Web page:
“O generous eyes of mine! Shedding tears is the remedy for my troubled heart, weep abundantly!

They said, ‘The Prophet has passed away and is lost from among us!’ This is the greatest calamity that has befallen us!

We have been deprived of the most virtuous being in the world and the one designated for revelation, weep!

Weep until God decrees His judgment upon you!

I did not know what reunion meant until the Mercy Prophet came with his light!

He became a light and a lamp; all our darkness was illuminated by him!

He was the seal of the prophets, the Last Prophet, with a pure character and a noble lineage.”32

Umm Ayman is giving a lesson in wisdom

Meanwhile, the respected Abu Bakr had been elected as the caliph and assumed leadership of the Muslim community. He was well aware of how much the Messenger of God loved Umm Ayman and how frequently he visited her home. He understood the void that was created in her life.

In an attempt to alleviate her grief and offer comfort, the respected Abu Bakr said to the respected Umar, “Come, let’s visit Umm Ayman, just as the Messenger of God used to do.” They went to her home together. Upon seeing them, Umm Ayman began to cry again. When they asked her, “Why are you crying so much!? What the Messenger of God will find in the presence of God is better for him!”

Umm Ayman suddenly stopped crying and turned to them with this historical and wisdom-filled response: “I also know that what is in the presence of God is certainly better for the Messenger of God. I am not crying for his passing! What makes me cry is that the revelation from the heavens has ceased!” This response deeply moved the respected Abu Bakr and Umar, who did not approach the situation from this perspective, and they too began to cry with Umm Ayman. 33

The respected Umm Ayman was present at the birth of the Messenger of God, and just as she witnessed his birth, she was also present at his passing. The era of happiness, the Age of Bliss, unfolded within her lifetime. The Messenger of God was born, grew up, married, fulfilled his mission of prophethood, migrated, and ascended to the horizon of the spirit during her lifetime. The Qur’an was revealed within the span of her life, and the Companions were nurtured in the process. From his birth to his passing, she witnessed almost the entirety of the Prophet’s life. However, what saddened her more than the passing of the Messenger of God was the cessation of revelation. This is because individual, familial, societal, civilizational, and the Hereafter-related transformations had all begun with revelation. The knowledge, news, causes, and wisdom provided by revelation enabled them to read and understand life, objects, and events correctly.

In the forty years she lived in the company of the Prophet Muhammad (peace and blessings be upon him), he had become the purest, highest, and infallible guide to humanity, morality, faith, the connection between God, the universe, and mankind, and worship, illuminated by the light of revelation. Therefore, what should truly sadden and engulf believers in sorrow is not the departure of their loved ones to the Hereafter or the loss of their possessions but rather the “closure, drying up, blockage, cessation, or their own distancing from the sources of knowing God, the sources of nourishment.” A black slave woman had borne witness to revelation and the living Qur’an through the life of the Prophet Muhammad (peace and blessings be upon him), and attaining such profound consciousness.

Umm Ayman is reuniting with her Beloved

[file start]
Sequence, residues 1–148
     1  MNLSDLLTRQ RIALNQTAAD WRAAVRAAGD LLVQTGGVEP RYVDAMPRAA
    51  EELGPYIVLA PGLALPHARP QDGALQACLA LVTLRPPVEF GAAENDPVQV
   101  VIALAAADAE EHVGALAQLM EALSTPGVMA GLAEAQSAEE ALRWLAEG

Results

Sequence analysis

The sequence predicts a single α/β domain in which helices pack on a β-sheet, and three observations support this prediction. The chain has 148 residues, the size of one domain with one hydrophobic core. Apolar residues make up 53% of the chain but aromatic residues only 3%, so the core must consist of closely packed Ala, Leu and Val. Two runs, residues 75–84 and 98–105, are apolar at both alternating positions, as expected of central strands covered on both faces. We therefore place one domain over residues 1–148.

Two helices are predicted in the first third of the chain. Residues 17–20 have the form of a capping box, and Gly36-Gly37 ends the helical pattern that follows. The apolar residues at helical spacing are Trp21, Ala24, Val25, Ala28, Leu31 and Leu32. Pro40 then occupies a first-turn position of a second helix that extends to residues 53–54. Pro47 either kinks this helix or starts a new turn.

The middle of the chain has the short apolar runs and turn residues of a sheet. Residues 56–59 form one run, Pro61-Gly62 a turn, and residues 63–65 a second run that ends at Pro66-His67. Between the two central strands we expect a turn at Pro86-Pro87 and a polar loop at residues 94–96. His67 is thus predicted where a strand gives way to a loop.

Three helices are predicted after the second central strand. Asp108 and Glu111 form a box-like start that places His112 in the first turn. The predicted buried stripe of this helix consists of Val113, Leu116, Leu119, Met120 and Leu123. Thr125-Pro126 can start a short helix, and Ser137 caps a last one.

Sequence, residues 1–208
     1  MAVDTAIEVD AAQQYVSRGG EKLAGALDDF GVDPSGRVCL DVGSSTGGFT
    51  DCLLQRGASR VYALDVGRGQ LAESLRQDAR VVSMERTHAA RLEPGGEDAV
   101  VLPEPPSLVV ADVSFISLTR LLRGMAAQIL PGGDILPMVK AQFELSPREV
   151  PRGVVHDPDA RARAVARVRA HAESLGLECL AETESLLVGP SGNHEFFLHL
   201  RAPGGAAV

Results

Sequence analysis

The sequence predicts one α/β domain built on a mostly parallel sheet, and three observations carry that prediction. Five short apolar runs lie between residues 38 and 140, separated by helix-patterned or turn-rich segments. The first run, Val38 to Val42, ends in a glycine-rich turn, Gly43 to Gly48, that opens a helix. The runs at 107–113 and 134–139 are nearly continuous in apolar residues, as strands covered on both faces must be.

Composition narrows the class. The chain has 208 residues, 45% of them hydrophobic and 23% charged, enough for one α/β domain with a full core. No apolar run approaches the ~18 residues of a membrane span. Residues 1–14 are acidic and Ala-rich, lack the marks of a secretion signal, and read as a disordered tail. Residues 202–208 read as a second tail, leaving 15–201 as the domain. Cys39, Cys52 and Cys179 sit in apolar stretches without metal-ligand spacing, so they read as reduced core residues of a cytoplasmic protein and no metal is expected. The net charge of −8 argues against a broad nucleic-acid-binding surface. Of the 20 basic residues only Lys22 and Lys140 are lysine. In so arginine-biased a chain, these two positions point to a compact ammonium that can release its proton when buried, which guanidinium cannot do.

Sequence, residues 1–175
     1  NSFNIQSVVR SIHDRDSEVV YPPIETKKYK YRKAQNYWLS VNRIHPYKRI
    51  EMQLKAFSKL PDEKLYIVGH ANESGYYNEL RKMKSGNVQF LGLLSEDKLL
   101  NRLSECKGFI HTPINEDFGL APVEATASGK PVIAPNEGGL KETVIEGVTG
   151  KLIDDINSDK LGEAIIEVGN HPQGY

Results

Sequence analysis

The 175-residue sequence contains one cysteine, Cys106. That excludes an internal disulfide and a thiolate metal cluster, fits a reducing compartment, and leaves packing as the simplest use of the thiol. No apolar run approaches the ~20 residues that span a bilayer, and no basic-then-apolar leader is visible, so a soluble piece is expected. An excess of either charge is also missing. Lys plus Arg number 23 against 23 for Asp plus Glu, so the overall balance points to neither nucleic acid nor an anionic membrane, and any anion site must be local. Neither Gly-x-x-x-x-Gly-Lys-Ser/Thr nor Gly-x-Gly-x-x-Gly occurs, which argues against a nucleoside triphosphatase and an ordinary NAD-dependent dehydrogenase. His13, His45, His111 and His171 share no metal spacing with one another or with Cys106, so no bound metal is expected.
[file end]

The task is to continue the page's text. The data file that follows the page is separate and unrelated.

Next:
During their caliphates, the respected Abu Bakr and the respected Umar also frequently visited her in her home.34 Following the principle of “A person will be with those whom he loves,” Umm Ayman passed away within the first year of the caliphate of the respected Uthman, 20 days after the martyrdom of the respected Umar, and joined the Messenger of God. 35

When the respected Umar was wounded and exclaimed, “Today, Islam has weakened,” Umm Ayman, who was overwhelmed with tears, had lived a “blessed and long life.” She had experienced the blessings of staying close to the Messenger of God and as a person honored by the frequent visits of the Prophet and his caliphs, the respected Abu Bakr, and the respected Umar, she had now departed to the beyond. From where she started to where she ended up…

Author: Yücel Men

He completed his undergraduate studies in theology in 2003 and finished his master’s degree in 2012. In the academic year 2015-2016, he served as a guest lecturer at a private university.

Footnotes

  1. Ibn Hajar, Isaba 1983
  2. See Ibn Kathir, Tafsir 8/373; Suyuti, Raf’ Shani’l-Hubshan 216; Amiri, Bahajatu’l-Mahafil 2/153
  3. Ibn Sa’d, Tabaqat 1/70
  4. Ibn Sa’d, Tabaqat 1/82
  5. Ibn Sa’d, Tabaqat 1/78-81
  6. Ibn Sa’d, Tabaqat 1/81, 82
  7. Ibn Sa’d, Tabaqat 10/177; Tabari, Tarikh 11/616; Ibn Hajar, Isaba 1982
  8. Ibn al-Athir, Usdu’l-Ghaba 1598; Ibn Hajar, Isaba 1982
  9. Surah Ad-Duha, 93/6
  10. Ibn Sa’d, Tabaqat 1/83
  11. Ibn Sa’d, Tabaqat 1/83
  12. Ibn Sa’d, Tabaqat 1/83
  13. Ibn Sa’d, Tabaqat 1/385
  14. Ibn Sa’d, Tabaqat 10/177; Ibn Hajar, Isaba 1982
  15. Ibn Abdilbarr, Istiab 2/546
  16. Ibn Sa’d, Tabaqat 10/177; Ibn Hajar, Isaba 1982
  17. Ibn Sa’d, Tabaqat 10/177; Ibn Hajar, Isaba 1982
  18. Ibn Sa’d, Tabaqat 1/173
  19. Ibn Hajar, Isaba 1982
  20. Ibn Sa’d, Tabaqat 1/383
  21. Ibn Sa’d, Tabaqat 10/177, 178
  22. Nasa’i, Janaiz 13; Ibn Hibban, Sahih 2914
  23. Bukhari, Et’ime 5052
  24. Ibn Sa’d, Tabaqat 178; Ibn Hajar, Isaba 1983
  25. Waqidi, MegAzi 1/241, 242
  26. Ibn Sa’d, Tabaqat 3/34
  27. Ibn al-Athir, Usdu’l-Ghaba 1598
  28. Ibn Sa’d, Tabaqat 10/177; Tabari, Tarikh 11/616; Ibn Hajar, Isaba 1982
  29. Ibn Sa’d, Tabaqat 10/177, 178
  30. Ibn Sa’d, Tabaqat 2/196, 197
  31. Ibn Majah, Janaiz 64
  32. See Ibn Sa’d, Tabaqat 2/260, 261
  33. Muslim, Fadaiulu’s-Sahaba 18; Ibn Majah, Janaiz 65; Ibn Sa’d, Tabaqat 10/179; Ibn al-Athir, Usdu’l-Ghaba 1598; Ibn Hajar, Isaba 1983
  34. Ibn al-Athir, Usdu’l-Ghaba 1598
  35. Tabari, Tarikh 11/616; Ibn Hajar, Isaba 1983Top of Form